Scholastic has just launched a brand new, free teacher tool called Word Workshop. This tool is a game-changer for any teacher who is (or wants to be!) ultra-organized.
Like most teachers I know, I do my best to keep my classroom organized. If it’s in my room and it has a flat surface, I will most likely color-code it, label it, and stack it neatly. Normally, I take care of all my organization at the beginning of the year, but for the past two weeks, I have been on a Word Workshop label-making rampage that just may be bordering on ridiculous at this point.
In six clicks of your mouse or fewer, you can create beautiful, customized cards, labels, or stationary using ten different fonts, and forty-four different borders that you can print in five different sizes. You can save all your lists to your computer to pull up again the next time you want them!
Word Workshop was initially created with word walls in mind. You will find 53 complete lists for word walls that you can print, cut, and hang. Of course, you can also type in your own words to create, save, and print our own word lists. I have to admit, word walls are not my forte. I have one because we are supposed to, but I rarely update them, mostly because it always seems like too much work. With this new Word Workshop, I have added more words to my word wall this past week than I have in the past four months!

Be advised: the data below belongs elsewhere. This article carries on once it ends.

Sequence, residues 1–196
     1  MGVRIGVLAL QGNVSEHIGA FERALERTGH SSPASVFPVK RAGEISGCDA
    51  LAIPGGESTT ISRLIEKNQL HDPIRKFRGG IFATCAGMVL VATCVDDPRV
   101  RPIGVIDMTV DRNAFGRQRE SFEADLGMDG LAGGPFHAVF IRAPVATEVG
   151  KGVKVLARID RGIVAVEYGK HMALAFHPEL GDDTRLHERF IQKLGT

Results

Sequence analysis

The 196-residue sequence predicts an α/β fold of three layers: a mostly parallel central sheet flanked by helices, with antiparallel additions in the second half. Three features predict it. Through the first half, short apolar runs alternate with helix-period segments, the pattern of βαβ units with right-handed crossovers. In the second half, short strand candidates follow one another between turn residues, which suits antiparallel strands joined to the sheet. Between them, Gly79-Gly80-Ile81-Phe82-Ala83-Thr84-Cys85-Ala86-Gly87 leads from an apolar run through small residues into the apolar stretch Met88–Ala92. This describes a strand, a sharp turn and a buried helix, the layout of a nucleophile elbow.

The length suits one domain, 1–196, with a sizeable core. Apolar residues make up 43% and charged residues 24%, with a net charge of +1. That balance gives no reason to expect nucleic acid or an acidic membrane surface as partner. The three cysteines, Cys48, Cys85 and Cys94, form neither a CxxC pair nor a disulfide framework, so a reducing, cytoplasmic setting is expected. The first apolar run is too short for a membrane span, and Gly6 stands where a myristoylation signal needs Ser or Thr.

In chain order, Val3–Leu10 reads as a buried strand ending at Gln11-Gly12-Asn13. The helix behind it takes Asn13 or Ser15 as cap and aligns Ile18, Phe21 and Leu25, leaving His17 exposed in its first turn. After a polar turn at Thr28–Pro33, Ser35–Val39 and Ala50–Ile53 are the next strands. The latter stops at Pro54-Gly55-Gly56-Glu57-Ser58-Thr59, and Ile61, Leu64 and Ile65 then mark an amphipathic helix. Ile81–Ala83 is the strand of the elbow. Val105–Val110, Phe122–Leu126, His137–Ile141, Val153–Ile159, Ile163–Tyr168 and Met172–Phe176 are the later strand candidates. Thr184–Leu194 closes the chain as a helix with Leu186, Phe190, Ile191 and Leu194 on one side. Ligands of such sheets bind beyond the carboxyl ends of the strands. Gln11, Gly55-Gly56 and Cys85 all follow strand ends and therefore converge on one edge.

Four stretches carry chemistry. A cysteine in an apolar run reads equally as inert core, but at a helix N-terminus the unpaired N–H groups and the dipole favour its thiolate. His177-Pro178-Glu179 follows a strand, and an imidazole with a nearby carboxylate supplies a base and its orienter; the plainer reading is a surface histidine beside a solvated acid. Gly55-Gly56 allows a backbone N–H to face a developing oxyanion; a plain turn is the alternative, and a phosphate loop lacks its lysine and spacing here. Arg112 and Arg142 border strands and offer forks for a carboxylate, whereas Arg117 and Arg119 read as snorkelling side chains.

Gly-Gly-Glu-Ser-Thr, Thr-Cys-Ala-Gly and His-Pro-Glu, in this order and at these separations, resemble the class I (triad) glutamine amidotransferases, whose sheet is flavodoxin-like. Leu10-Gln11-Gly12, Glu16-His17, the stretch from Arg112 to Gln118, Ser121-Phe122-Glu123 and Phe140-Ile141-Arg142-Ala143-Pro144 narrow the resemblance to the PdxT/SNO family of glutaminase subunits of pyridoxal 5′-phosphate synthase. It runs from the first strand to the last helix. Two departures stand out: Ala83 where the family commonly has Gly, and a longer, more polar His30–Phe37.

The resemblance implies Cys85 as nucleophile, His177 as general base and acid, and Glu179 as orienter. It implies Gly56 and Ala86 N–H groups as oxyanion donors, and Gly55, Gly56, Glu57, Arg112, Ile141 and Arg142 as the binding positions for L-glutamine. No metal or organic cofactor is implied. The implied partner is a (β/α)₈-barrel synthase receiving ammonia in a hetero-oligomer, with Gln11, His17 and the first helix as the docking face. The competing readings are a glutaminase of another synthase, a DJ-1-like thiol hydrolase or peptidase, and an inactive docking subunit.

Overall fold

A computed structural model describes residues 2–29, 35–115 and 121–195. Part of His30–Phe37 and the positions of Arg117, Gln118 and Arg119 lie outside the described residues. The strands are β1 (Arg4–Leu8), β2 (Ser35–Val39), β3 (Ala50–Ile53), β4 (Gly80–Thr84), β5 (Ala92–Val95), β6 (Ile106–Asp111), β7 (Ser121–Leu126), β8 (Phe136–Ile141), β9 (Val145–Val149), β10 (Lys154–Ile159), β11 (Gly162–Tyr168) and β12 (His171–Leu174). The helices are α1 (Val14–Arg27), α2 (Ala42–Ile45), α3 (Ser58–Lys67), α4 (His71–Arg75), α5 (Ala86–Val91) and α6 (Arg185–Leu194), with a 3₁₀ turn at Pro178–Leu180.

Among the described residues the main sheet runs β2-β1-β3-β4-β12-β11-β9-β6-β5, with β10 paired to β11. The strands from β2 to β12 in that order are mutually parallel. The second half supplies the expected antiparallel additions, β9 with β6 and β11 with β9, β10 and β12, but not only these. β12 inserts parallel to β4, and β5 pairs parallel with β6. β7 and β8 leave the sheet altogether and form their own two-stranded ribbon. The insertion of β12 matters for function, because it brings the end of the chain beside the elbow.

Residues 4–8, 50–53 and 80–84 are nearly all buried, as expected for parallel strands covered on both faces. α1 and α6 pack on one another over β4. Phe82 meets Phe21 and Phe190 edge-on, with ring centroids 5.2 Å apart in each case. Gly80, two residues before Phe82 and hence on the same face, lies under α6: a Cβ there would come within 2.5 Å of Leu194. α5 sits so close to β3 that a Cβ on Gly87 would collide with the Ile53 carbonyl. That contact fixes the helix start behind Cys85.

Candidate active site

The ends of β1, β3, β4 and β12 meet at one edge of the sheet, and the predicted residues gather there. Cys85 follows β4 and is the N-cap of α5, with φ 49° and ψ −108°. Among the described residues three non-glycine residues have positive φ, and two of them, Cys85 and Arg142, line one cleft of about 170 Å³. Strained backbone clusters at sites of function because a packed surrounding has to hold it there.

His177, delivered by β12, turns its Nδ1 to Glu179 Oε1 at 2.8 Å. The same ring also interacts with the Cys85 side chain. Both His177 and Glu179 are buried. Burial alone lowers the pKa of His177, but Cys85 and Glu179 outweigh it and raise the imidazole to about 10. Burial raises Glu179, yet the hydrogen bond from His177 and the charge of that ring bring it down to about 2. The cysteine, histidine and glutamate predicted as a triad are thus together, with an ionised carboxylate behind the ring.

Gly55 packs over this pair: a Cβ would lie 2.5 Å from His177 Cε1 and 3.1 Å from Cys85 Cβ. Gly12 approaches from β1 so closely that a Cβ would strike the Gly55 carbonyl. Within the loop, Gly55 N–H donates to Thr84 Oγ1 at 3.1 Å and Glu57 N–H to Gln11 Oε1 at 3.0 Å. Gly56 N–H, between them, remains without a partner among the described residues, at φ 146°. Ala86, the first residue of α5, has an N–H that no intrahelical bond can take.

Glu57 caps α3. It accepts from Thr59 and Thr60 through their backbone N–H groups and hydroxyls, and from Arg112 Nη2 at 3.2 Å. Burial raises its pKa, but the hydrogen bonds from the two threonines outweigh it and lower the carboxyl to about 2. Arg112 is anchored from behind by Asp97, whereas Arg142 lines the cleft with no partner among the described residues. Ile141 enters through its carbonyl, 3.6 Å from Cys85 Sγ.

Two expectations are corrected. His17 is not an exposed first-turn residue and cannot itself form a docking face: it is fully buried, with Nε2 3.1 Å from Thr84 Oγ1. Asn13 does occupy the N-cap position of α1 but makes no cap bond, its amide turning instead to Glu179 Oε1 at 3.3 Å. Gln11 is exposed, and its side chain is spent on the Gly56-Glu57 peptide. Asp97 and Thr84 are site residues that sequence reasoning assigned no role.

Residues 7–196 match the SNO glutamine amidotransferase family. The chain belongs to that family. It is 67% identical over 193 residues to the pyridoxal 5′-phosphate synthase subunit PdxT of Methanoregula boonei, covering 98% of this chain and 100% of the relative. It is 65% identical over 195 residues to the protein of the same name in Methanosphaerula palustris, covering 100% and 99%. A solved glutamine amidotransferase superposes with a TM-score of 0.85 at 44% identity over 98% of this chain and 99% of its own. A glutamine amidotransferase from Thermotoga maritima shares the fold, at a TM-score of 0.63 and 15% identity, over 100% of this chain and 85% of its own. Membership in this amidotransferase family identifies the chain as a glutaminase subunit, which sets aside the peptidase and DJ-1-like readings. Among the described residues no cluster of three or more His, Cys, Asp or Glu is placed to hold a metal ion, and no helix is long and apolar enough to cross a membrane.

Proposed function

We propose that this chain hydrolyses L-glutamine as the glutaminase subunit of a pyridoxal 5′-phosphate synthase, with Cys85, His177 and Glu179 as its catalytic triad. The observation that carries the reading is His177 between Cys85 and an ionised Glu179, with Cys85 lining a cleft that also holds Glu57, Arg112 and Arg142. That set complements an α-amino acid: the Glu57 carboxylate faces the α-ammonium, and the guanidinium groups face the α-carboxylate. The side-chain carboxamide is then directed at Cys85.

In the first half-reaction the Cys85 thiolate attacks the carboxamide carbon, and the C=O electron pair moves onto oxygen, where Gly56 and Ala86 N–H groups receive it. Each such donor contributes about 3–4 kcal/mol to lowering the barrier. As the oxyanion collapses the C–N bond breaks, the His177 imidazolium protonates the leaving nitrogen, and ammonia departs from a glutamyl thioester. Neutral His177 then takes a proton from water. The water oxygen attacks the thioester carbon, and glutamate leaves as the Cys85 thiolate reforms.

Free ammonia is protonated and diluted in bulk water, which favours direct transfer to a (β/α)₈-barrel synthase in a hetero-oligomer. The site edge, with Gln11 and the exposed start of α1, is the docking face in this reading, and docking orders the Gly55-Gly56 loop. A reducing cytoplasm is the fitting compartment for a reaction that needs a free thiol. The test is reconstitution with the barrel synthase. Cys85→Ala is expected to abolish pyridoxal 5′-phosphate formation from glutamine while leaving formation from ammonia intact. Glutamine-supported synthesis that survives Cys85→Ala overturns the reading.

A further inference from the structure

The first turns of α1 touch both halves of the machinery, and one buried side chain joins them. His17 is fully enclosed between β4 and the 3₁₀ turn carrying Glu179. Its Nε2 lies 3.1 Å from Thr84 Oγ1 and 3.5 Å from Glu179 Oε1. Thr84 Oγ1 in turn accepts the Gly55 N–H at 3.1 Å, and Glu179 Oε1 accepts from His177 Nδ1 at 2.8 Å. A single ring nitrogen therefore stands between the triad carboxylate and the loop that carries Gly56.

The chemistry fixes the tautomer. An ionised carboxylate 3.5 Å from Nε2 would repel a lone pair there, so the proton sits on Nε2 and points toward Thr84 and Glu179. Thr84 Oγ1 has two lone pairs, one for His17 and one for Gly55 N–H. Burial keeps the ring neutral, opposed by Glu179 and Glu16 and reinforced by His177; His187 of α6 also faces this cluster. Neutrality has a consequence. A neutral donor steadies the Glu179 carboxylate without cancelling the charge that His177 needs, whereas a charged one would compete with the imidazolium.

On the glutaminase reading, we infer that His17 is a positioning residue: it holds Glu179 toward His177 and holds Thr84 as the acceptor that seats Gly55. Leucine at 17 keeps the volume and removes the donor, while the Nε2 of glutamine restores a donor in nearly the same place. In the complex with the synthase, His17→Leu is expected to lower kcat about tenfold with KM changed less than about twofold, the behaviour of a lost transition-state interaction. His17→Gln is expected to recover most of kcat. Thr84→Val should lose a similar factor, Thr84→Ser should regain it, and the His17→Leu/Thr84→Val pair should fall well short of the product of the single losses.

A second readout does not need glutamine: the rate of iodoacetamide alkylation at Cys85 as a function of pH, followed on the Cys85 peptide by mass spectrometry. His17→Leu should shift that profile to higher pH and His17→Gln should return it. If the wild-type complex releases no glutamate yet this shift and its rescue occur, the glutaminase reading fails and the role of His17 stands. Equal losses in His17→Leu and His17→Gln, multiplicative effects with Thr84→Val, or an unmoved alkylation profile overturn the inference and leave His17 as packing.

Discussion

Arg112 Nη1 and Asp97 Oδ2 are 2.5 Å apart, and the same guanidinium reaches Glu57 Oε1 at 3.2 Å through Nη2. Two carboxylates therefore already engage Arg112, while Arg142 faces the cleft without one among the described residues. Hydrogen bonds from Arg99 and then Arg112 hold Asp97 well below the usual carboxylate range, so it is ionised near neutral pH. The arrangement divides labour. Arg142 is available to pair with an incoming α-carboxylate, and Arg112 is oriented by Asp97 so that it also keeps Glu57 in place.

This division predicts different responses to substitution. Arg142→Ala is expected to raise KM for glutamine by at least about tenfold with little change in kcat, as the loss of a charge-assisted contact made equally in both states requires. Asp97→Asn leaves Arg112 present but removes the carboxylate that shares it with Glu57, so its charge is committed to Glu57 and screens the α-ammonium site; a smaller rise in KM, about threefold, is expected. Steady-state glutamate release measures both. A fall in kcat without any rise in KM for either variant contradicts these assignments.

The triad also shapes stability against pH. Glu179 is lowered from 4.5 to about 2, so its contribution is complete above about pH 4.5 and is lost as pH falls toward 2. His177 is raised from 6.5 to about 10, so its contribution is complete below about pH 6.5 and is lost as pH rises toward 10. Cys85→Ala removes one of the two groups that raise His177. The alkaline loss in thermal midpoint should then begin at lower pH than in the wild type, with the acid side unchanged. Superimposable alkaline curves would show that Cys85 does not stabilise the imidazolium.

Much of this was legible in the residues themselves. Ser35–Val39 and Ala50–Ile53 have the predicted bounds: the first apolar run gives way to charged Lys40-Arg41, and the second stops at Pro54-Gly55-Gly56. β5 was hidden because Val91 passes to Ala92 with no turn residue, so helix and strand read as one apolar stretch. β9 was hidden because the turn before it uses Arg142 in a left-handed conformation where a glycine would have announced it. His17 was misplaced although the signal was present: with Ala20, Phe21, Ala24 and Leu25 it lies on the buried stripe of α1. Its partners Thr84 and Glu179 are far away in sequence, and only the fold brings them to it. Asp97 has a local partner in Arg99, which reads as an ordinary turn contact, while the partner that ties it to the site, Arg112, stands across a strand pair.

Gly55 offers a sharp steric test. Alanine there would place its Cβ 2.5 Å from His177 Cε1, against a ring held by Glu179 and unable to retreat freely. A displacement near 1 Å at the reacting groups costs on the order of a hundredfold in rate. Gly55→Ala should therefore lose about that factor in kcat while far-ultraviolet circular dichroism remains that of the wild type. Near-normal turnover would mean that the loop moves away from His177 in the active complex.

Finding the best way to label the boxes in my classroom library could be considered a hobby I do it so frequently. This week I created cute, color-coded book box labels for series books and author baskets. My goal is to finish the rest of my library this week!
With the year half over, my third graders’ book box labels were looking shabby. I created, printed and laminated new labels while they were at recess. Student names are color-coded and numbered to make it easier for students to return their boxes to the right spot.
Laminate the blank word wall squares and you can them as mini dry-erase boards during math or reading.
Students match the word on one card with the meaning on the other.
I used Word Workshop to make Valentine card check-off sheets for my students.
Students can practice simple story structure with book reports like the one shown below. Word wall sized cards were glued onto a 12 x 18" sheet of construction paper and students wrote about the story elements inside of the house.
The word wall cards are the perfect size for creating lift-a-flap books and lap books.
Print a sheet with four labels and use your copier to make several copies to hand out as exit tickets for your students. Print the blank frames in color and you have cute note cards to use with parents or colleagues.
Students chose quotes to go with their biography reports and typed them with Word Workshop.
So, for this week, the question wasn't: What can you do with Word Workshop? It was What can't I do?! I showed a few of my fellow teacher how Word Workshop works and it was a big hit. Over and over again, I was asked the same question: How much does it cost? They were surprised and thrilled that the answer was 100 percent free!
Check out the list of ideas for using Word Workshop below:
Give Word Workshop a try and let me know how you used it. I hope you enjoy having the ease and convenience of a free, customizable label maker at your fingertips as much as I do!